What are our values?
Reform Judaism, the continuation of the millennial Jewish journey, embodies all the best of traditional Jewish values. We see the Torah as our foundation document and love Jewish learning. We are amazed and moved by the Jewish story and read in its pages the development of a tradition, a culture of extraordinary value. We are profoundly aware that it was Judaism that taught the world that God is the embodiment of the ethical and that we serve God not just through prayer and ritual but in the way we behave towards our fellow human beings. We are proud that our Judaism has a geography as well as a history and walk the living bridge between Britain and Israel with love and concern.
We have also learned a huge amount from modernity – about democracy, egalitarianism and human rights; about history and the transmission of sacred texts and truths. We have learned to trust the individual and the need for the individual to take responsibility for her or his own Jewish life. We have learned from the emergence of a global village that faiths can no longer exist independently of each other and claim to embody the whole of truth. We understand that there are few values greater than humility in the truth claims we make and working with others to repair the world.
We have also learned from the violence, inhuman behaviour and moral cynicism we see around us. Tolerant, compassionate religious traditions were never more needed. Religious and secular fundamentalists are today’s idolators.
Judaism embraces both the people and the ideas to make a real contribution to the cutting edge issues of our day, the values by which we can live together in justice and peace and sustain life on our planet.
We adopt an open and positive attitude to Jews, welcoming all as they are rather than as others think they should be. We welcome. We count people in. We solve problems rather than create them. We seek to open doors, not to erect barriers. We understand doubt. We prize our Jewish tradition of questioning. We know that answers are often provisional, fragmentary, glimpses on a journey towards a living truth and reality that is always before us.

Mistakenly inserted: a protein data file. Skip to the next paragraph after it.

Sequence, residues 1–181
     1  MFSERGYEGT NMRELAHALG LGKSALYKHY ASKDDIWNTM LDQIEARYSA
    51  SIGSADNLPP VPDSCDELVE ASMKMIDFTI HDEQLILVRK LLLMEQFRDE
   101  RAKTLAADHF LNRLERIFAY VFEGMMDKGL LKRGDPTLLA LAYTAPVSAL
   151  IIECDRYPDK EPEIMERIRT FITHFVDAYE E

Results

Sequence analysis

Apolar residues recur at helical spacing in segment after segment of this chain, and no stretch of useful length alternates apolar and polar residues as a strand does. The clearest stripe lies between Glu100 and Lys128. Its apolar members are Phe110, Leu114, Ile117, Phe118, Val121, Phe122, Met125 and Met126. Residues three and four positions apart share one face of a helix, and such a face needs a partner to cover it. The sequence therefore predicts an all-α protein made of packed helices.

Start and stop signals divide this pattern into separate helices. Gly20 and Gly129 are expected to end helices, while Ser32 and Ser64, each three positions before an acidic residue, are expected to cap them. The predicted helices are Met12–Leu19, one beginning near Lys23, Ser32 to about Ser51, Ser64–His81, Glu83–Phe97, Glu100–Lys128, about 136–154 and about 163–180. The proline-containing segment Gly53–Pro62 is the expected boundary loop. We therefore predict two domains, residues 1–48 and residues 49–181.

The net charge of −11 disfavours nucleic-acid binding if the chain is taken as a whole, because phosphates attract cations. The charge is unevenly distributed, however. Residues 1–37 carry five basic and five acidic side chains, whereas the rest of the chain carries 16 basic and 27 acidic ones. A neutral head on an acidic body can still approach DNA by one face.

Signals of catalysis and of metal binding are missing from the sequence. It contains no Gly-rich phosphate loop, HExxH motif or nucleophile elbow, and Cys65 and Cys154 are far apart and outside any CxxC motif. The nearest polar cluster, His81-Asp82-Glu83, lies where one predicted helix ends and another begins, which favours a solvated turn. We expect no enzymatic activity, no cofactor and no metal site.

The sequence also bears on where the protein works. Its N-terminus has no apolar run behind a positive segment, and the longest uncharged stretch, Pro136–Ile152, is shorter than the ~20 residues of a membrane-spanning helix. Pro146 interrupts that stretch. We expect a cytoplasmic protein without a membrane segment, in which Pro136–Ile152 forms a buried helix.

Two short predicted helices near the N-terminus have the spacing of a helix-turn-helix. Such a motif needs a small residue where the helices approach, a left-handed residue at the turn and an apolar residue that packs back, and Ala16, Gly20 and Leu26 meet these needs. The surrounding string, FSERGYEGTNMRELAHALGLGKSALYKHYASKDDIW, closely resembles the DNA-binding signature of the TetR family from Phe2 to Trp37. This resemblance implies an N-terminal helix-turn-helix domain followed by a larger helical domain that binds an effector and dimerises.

We engage with the dialectic between tradition and modernity through the following guiding principles:
- Personal choice – Individuals have the autonomy to navigate their own way through a multiplicity of choices. There is no one pathway that everyone must follow to be authentic. Each person must be true to themselves while engaging with others to form a community of seekers.
- Egalitarianism – While men and women are not necessarily seen as identical, they are treated equally in terms of access to leadership, learning and engagement. Each person’s individuality is acknowledged (with their gender being part of that individuality), but no one faces discrimination or limits based on their gender.
- Inclusivity – The institutional culture invites people in as opposed to raising barriers to their participation. Efforts are made to welcome people and help them deepen their Jewish commitments and learning, without expending energy on defining the boundaries of who is in and who is out.
- Engaging deeply with Jewish texts and tradition – While each of these institutions allows individuals to find their own way, the authentic Jewish voice is maintained through an unmediated engagement with Jewish texts and tradition. Participants are expected to study and grow by engaging with Jewish texts and each other. Different interpretations are welcomed, and critical thinking encouraged.
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